100th Anniversary Celebration planned Sept. 23
By Aaron Brom
Looking at the list of St. Michael firefighters from the 1930s to 1950s, the names stand out as a testament to St. Michael’s past and present: Zachman, Dick, Duerr, Daleiden, Barbeln, Kilian, Barthel, Berning, Schumm, Jaeb, Eull, Vetsch, Gutzwiller, Steffens, Robeck, Roden, Lenz, Dehmer, Zahler, Hackenmueller and Welter.
A lot of St. Michael-area lifers recognize these names as pillars in the community, and what each name has in common are descendants today who still live in the area, and in many cases still serve the fire department.
That says something about the commitment that St. Michael Fire Department members made to the community back then, and equally today, as the department is celebrating its 100th anniversary.
The current department’s longest serving member is lifelong resident Gordy Dehmer, who has been with St. Michael Fire for 34 years.
He is one of many Dehmers to serve the department today and in the past, including his father Leroy (retired, 34 years service) as well as brother, Earl (22 years), and even his great uncle Oscar Dehmer served the department for 38 years.
Due to a long ago fire, many old records from the earliest days of the department were destroyed.
But thanks to a memorial bell celebrating all retired members who served 10 years or more, we know that R.A. Zachmann was oldest known chief, having served in that capacity from 1931 to 1934.
Boy Daleiden took over from 1934 to 1939, and Albin Duerr from 1939 to 1949.
Allen Jaeb was as chief for 15 years, from 1949 to 1964. Clarence Gutzwiller then served from 1964 to 1969, Leroy Dehmer from 1969 to 1972, and Carl Welter from 1972 to 1974.
The longest-serving non-chiefs on that bell plaque are Oscar Dehmer and Leon Killian, who served the exact same term, 38 years from 1931 to 1969.
Surprisingly, in Gordy Dehmer’s long career, he’s only served four chiefs, beginning with Jim Eull, then Charlie Thompson and Daryl Hackenmueller, before Thompson came back.
Dehmer himself was interim chief before current chief Steve Hosch took over about 10 years ago.
Dehmer said much has changed since his first days as a firefighter in the early 1980s.
“There are a lot more people here of course, which means more medical emergencies and more crashes due to traffic,” he said. “When I first started there was no such thing as blood-borne pathogens, or hazardous materials, or active shooters. Now we’re expected to be experts on everything.”
And that includes mandatory safety classes, as well as training.
Fire fighting doesn’t only run in his family, but is his family’s business. Dehmer is current owner of Dehmer Fire Protection, a company his father started in 1959.
“The biggest change today is the training,” Dehmer said. “A lot things we were told never to do back then, we’re doing today.”
He also said the sheer numbers of calls have sky rocketed from under 100 per year when he started to more than 350 today.
Another prominent name on the 10-year service bell is Hackenmueller, with Clarence, Vernon, James, Douglas and Daryl on the list.
Jim Hackenmueller, who served from 1969 to 1989, remembers the days where firefighters would get the call and head straight to the scene.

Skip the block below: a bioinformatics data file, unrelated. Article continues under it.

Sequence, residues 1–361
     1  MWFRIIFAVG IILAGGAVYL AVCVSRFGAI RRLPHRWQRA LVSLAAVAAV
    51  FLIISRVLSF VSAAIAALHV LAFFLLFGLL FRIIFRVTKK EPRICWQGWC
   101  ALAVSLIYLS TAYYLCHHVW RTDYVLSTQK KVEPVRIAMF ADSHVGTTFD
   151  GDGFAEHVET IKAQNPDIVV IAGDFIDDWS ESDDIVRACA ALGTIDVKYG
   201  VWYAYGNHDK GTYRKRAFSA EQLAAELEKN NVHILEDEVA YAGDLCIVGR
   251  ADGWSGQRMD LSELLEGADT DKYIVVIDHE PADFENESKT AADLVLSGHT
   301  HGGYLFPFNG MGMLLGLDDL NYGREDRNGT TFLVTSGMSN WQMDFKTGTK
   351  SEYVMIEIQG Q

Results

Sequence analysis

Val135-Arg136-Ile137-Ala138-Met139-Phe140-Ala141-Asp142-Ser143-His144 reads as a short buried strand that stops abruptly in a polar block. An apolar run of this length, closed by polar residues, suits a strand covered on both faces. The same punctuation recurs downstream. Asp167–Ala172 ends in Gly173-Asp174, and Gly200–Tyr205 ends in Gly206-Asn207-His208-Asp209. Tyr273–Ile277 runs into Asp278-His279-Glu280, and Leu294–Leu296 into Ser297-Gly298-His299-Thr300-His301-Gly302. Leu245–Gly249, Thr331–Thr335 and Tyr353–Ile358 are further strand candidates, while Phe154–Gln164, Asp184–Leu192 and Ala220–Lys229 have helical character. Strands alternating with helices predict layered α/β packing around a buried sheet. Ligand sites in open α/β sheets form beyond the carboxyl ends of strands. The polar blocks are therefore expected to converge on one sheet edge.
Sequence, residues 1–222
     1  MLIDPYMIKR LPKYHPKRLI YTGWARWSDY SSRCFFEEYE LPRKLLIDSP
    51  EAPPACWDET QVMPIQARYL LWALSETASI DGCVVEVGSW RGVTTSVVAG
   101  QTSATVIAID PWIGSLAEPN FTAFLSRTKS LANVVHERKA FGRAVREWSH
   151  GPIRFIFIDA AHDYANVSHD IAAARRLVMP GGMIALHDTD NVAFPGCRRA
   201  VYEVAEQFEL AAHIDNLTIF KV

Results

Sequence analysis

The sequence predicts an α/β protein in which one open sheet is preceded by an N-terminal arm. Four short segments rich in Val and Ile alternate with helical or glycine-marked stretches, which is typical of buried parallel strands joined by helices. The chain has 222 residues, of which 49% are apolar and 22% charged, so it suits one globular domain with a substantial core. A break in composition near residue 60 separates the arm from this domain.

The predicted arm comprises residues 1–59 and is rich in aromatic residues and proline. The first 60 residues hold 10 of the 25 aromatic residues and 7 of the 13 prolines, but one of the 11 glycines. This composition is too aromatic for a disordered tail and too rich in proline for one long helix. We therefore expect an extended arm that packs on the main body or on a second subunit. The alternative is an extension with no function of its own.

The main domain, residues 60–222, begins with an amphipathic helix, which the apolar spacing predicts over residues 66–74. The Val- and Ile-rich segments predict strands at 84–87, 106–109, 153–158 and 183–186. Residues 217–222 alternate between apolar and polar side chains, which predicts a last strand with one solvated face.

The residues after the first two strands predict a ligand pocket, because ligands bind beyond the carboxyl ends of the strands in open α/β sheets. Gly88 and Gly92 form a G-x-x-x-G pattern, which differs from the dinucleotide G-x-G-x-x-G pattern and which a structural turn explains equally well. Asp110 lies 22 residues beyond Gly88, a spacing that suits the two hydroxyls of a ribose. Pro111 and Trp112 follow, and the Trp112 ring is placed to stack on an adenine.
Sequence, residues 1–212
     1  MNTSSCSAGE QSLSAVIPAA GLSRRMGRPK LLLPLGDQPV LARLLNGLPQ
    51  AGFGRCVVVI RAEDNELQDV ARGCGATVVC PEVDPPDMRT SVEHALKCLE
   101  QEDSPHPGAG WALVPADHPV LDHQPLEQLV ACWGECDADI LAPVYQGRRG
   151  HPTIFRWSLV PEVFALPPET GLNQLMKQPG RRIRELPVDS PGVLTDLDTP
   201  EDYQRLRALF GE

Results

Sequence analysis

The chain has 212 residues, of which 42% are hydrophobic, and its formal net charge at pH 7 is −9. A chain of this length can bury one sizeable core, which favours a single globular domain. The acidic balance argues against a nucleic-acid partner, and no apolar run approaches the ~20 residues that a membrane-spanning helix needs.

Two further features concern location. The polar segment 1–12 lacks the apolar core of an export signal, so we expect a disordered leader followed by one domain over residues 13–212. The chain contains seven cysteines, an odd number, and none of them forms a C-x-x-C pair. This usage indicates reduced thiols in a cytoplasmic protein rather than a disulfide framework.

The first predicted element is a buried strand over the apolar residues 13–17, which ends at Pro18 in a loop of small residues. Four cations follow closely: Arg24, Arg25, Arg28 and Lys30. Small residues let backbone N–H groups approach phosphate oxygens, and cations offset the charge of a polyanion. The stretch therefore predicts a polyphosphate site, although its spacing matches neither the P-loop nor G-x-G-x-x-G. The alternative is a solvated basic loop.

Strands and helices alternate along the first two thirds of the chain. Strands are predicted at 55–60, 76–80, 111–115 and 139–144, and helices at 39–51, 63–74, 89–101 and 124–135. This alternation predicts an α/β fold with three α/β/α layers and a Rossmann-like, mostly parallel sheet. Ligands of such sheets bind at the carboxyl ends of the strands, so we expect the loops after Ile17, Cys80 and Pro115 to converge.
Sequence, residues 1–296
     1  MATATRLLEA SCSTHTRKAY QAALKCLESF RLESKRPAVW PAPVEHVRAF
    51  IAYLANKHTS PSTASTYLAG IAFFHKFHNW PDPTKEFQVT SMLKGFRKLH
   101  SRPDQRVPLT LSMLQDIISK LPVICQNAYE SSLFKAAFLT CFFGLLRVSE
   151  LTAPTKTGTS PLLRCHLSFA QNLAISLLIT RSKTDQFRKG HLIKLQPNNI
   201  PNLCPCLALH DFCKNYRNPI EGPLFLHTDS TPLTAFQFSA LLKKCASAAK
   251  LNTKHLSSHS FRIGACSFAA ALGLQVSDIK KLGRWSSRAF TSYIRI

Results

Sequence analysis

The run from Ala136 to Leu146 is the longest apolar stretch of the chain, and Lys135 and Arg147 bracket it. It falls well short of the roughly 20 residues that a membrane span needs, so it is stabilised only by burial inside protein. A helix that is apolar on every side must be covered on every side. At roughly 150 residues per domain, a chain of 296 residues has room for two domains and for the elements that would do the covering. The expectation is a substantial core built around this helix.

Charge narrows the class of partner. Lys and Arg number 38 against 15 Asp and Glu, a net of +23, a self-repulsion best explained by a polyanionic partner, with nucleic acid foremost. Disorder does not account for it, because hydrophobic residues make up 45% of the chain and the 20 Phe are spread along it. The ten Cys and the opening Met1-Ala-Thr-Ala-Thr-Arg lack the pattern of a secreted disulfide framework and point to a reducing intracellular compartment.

“Even if you had your suit on, you’d have to wear it. I remember going through a lot of shoes that you’d ruin,” he said.
Hackenmueller said that, back in those days, there were “fire phones” that 10 or so department members had, and would ring at the same time if there was a fire call.
“Now you have to go to the fire department and get dressed up in gear before you go out,” he said.
Hackenmueller said the most common call back in those days was for barn fires. He also recalled a huge fire at the Medina Ballroom.
Hackenmueller’s wife, Sharon, also said the firefighters would respond to annual flooding.
“Every spring they went down to the (Crow River) millside quite a few times when canoers would go over the old dam,” she said. “They saved quite a few lives.”
“It was pretty hectic!” Jim added. “We had to make due with what we had, which wasn’t much.”
Another prominent surname on the 10-year bell is Kilian, begnining with Marcellus (Celly) Kilian, who served from 1944 to 1956.
Other Kilians on the list include Leon, Carroll and Jeffrey.
Celly Kilian is 95 years old, and wife Marilyn said she remembers plenty of fire calls and good-natured fun among the St. Michael Fire brotherhood.
“There was an old store in town called Halliger’s,” Marilyn recalled. “There was a big fire there, just like that it went up in smoke.”
Celly, she said, was an electrician by trade and was quite accustomed to ladders, so much so he still climbed them well into his 90s.
“One day there was a fire in our neighborhood and Celly was up there cleaning the roof. One of the firemen shouted, ‘Hey Marcellus get off that damn roof!’ He just would not give up going on those ladders.”
Though the department’s charter has stayed the same with 30 members, Gordy Dehmer said the difference is the department today has reserve members and an administrative assistant.
With so many firefighters having served with St. Michael Fire, Dehmer wanted to be sure to invite all and their families to the department’s free 100th Anniversary event taking place Saturday, Sept. 23, from 3 to 11:30 p.m. at the Daze & Knights Fest Grounds (Town Center and Edgewood Drive).
Music is scheduled to start at 3 p.m. including a live broadcast from BOB 106 radio station. Area musician Blake Duncan will sing at 4:30 p.m., followed by the band Short on Cash from 6-8 p.m. Closing is Hitchville, who take the stage from perform from 9 p.m. to midnight.